When using the word “politics,” we refer not simply to partisan politics but to the broader set of policies and systems. Although ideology is used in many different ways, in this case, it refers to individual systems of belief that may color a person’s attitudes and actions and that are not necessarily based on scientific evidence (2).
Science influences public health decisions and conclusions, and politics delivers its programs and messages. This pattern is obvious in many of public health’s greatest triumphs of the 20th century, 10 of which were chronicled in 1999 by the Centers for Disease Control and Prevention (CDC) as great public health achievements, and several of which are presented below as examples of ideology affecting successes (3). These achievements remind us of what can be accomplished when innovation, persistence, and luck converge, along with political will and public policy.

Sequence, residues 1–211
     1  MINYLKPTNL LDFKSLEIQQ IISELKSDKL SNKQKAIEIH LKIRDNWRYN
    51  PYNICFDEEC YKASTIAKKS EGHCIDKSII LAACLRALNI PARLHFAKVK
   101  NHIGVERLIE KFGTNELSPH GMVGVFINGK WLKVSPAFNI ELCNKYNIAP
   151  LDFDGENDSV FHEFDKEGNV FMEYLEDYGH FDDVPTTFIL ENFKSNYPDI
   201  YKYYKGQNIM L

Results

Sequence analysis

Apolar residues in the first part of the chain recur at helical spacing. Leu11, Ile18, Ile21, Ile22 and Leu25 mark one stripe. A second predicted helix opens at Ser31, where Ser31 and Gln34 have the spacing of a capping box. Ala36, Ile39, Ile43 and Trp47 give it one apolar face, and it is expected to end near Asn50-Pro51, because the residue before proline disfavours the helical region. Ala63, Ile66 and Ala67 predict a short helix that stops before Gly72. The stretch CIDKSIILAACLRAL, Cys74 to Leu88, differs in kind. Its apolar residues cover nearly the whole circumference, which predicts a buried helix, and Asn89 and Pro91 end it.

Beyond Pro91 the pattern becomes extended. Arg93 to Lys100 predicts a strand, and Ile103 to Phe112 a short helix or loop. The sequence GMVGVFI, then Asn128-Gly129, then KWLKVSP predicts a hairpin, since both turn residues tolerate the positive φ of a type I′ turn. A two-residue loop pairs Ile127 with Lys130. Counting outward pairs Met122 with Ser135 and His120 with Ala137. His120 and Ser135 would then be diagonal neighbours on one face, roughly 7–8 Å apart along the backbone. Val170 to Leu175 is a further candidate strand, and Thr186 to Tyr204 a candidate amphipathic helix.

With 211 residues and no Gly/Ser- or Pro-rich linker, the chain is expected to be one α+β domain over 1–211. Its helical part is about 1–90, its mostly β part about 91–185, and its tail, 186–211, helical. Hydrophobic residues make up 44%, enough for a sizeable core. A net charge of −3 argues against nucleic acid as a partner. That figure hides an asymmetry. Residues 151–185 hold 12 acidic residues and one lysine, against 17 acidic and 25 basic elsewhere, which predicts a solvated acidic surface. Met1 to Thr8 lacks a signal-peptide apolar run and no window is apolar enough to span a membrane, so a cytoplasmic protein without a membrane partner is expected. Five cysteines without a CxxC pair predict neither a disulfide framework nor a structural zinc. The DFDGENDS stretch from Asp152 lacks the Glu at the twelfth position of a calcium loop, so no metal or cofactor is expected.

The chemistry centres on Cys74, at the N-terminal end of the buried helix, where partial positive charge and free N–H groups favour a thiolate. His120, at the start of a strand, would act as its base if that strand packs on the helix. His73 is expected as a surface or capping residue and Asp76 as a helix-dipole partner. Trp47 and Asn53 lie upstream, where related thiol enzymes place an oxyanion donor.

Childhood vaccinations have largely eliminated once-common, terrible diseases, such as polio, diphtheria, measles, mumps, and pertussis (4). Polio is being eradicated worldwide. The current collaboration between the World Health Organization, the United Nations Children’s Fund, CDC, and Rotary International is a political as well as biological “tour de force,” and eradication of polio in Nigeria continues to be threatened by local political struggles and decisions. In the United States, politics has contributed to successful public health policies by requiring vaccination at school entry, which has been vital to achieving high vaccine coverage in young children.
Debate about vaccines offers an example of the effect of ideology on public health progress in the form of persons who oppose vaccination. These persons put communities at risk by refusing vaccination for themselves and their children and enlist political support to undermine our greatest medical advance.